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Protect Your Client Base by Becoming a Connector of Dots

October 2017
By Tim Sanders

How to Avoid Disruption, Protect Your Client Base and Expand Your Business



Simply being viewed as a good option for financial advice is a dangerous strategy in today’s world of technology innovations, constant regulatory changes and market shifts. Clients have more options than ever, and as an advisor, business continuity is hard to maintain. The secret to long-term success is to make the leap from optional to essential in the eyes of your clients. One way to become essential is to become a Connector of Dots.


Become a Connector of Dots

Your clients need to solve a variety of problems in their lives which will require finding service providers, business partners, and collaborators. Even though social media has made finding people and services easier than ever, there is a big opportunity for you to connect the dots for clients and reinforce your essentialness at the same time.


Think Holistically About Client Challenges

Management expert Peter Drucker once said, “People don’t want quarter-inch drill bits. They want quarter-inch holes.” His point was that we need to take a step back and ask, “What is our client’s greater task here?” In other words, wealth management may be just a part of the process for a client, who is seeking to build his or her legacy or plan their retirement. The more holistically you think about the customer’s real task, the more opportunities you’ll find to help them solve gaps in services or relationships.


Get Clients to Lock-On

In her book Customer Capitalism1, Sandra Vandermerwe argues that client lock-in, securing a client through a contract or technology platform, is not only difficult, but in many cases, has diminishing returns. On the flip side, she’s found through research that it’s possible to get a client to lock-on to your firm, and experience increasing returns through referrals and product-extensions and upsells. The secret to lock-on, she concludes, is identifying the Customer Activity Cycle to close any existing value gaps2. Not only is this a lock-on strategy, it reduces vulnerability to losing clients to a competitor along the way.


Closing Value Gaps

Figure 1 shows an illustration of that concept: When Mercedes released the smart car in Europe, they went beyond simply selling a car and thought about the customer activity cycle. They realized the customer was seeking short-haul mobility, and that the car was one of several elements of that solution. Others included car rental, insurance, detailing, financing, maintenance, and so on. By building in or referring solutions for ancillary services, they not only added value, they closed gaps that competitors could potentially enter. Here’s what that customer activity map looks like.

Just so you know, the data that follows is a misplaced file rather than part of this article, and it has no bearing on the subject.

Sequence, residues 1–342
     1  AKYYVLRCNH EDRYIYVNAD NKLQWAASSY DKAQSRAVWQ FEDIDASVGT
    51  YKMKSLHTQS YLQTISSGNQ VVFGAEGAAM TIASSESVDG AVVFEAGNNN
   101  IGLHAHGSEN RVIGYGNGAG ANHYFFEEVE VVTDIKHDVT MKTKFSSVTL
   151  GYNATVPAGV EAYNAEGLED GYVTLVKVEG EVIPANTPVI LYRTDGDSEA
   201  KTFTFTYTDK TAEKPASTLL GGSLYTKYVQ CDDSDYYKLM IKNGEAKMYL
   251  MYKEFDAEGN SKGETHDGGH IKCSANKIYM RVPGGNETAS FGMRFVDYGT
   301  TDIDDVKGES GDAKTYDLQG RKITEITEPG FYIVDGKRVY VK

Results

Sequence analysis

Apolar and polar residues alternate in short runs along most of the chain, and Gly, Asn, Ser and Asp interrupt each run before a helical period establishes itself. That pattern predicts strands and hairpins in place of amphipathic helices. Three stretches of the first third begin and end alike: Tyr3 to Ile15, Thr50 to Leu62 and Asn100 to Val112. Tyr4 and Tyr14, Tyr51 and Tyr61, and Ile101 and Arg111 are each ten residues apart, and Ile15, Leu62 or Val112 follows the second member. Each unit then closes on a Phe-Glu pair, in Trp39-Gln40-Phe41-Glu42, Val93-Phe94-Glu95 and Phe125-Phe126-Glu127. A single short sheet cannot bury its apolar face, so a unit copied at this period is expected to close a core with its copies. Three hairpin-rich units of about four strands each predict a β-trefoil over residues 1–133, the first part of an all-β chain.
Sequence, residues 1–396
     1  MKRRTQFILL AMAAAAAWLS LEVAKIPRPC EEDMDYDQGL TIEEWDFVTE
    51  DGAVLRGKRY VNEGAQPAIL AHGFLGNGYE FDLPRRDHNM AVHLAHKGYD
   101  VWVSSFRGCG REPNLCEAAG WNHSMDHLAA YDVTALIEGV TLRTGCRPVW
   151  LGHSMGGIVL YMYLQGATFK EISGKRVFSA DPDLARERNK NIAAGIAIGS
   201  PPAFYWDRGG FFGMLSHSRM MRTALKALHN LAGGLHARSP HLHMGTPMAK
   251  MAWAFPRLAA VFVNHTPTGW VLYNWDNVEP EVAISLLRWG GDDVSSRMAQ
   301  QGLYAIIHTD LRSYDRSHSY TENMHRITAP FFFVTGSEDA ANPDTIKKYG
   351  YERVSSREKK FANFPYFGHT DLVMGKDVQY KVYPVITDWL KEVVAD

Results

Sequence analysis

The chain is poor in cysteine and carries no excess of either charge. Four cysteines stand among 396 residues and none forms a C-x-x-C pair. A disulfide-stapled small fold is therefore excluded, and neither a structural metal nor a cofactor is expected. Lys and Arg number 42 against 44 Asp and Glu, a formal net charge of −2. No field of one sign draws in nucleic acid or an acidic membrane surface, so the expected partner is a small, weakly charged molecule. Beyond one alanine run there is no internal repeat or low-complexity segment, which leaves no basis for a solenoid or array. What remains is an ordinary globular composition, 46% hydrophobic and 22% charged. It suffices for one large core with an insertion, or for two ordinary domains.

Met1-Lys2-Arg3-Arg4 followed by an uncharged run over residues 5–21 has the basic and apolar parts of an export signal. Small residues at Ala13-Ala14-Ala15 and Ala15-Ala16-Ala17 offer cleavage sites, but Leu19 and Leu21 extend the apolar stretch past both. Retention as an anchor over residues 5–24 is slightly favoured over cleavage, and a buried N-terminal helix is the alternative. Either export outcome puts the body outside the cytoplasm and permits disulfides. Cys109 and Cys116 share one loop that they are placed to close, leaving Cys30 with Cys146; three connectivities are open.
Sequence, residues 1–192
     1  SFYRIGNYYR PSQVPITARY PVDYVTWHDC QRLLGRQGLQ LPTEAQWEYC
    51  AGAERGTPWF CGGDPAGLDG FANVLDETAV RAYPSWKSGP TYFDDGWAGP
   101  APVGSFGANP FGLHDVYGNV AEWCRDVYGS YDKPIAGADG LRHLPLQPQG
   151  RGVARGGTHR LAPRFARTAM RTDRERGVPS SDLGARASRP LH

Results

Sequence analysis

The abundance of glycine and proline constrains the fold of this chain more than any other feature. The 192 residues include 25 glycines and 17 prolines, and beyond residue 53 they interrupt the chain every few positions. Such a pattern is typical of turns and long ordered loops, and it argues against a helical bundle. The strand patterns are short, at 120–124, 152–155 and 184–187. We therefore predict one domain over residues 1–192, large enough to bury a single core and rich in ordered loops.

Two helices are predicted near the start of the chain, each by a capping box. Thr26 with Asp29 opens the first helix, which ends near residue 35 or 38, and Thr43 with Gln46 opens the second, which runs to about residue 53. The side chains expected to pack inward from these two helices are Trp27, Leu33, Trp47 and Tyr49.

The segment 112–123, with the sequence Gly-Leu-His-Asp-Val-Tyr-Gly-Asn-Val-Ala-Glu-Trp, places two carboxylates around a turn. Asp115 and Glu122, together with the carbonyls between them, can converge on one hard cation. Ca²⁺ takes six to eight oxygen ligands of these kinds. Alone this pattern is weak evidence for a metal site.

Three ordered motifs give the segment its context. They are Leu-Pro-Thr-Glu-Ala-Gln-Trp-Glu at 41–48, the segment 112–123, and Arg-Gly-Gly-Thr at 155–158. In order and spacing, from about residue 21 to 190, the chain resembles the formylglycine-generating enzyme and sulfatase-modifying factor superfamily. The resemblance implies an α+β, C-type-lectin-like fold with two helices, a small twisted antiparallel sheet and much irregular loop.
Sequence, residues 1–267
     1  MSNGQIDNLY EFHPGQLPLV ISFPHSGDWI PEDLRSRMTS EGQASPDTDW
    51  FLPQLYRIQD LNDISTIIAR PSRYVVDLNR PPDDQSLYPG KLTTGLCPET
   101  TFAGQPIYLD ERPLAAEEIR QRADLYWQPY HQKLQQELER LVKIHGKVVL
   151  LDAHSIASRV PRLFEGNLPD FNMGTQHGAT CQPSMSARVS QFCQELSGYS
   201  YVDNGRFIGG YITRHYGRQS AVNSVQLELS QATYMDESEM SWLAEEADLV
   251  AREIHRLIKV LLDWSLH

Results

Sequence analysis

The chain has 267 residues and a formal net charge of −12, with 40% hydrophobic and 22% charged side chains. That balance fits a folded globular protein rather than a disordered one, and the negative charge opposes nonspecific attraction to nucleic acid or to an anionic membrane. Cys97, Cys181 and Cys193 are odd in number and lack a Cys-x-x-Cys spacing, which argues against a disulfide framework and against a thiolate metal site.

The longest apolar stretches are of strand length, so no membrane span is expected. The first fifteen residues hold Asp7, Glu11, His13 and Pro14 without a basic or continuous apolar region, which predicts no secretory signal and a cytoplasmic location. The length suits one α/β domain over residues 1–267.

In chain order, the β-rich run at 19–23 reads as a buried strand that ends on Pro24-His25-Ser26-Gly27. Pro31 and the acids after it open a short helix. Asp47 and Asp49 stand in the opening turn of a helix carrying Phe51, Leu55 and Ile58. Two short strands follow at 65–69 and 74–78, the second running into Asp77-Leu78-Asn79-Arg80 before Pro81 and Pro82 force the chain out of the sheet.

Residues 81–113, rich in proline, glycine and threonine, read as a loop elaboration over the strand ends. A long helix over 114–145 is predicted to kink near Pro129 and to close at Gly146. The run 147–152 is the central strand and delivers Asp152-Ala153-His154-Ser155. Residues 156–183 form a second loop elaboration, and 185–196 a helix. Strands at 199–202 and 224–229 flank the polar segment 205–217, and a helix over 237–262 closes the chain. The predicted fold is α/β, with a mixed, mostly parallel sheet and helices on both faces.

Figure 1
The Mercedes Smart Car Euro-Launch


An example is the rental car strategy. The customer is given a Fiat or a BMW to drive and falls in love with it, switching from a Mercedes when their lease is up. That’s an example of a value gap’s impact on loyalty. The success of the smart car launch in Europe and their ensuing customer lock-on was driven (pardon the pun) by their laser focus on providing solutions for each of the customer’s needs related to short-haul mobility.


Connecting the Dots in Retirement Planning

To put this in the context of financial services, ask yourself: “What’s my client’s true customer activity cycle? Planning a sustainable retirement? Taking care of kids? Building a legacy? Sometimes it may vary and it’s likely that your initial interview has already uncovered this. Looking across the customer activities your key clients are involved in, create a document or database that includes reputable service providers you can refer to clients to close value gaps. Figure 2 shows an example  of what your customer activity space might look like for retirement planning.

Figure 2
Value Gaps in Retirement Planning


For example, for clients who are seeking retirement planning advice, they also need an attorney, insurance agent, accountant, aging in place solutions and identity theft protection. Continually add to your network of referral partners, making sure they provide top notch services at a reasonable price. The more organized you are, the more efficiently you can connect those dots.

Next steps:

  1. Choose a service that you provide, e.g. retirement planning.

  2. Brainstorm a customer activity cycle for that service that includes both financial and non-financial activities and needs.

  3. Identify value gaps in the cycle that you’re currently not meeting and where competitors could enter.

  4. Build in-house capabilities or form relationships with trusted service providers you can refer to clients to close value gaps.


More about taking your client relationships from optional to essential

Tim Sanders
Founding Partner, Deep Media Inc. Author and expert on motivation, emotional talent and sales innovation.

1Sandra Vandermerwe, Customer Capitalism, 1999. Most recent data available.

2How Increasing Value to Customers Improves Business Results, MIT Sloan Management Review, 10/15/2000. Most recent data available.

Tim Sanders, Deep Media Inc. is not an affiliate or subsidiary of Hartford Funds.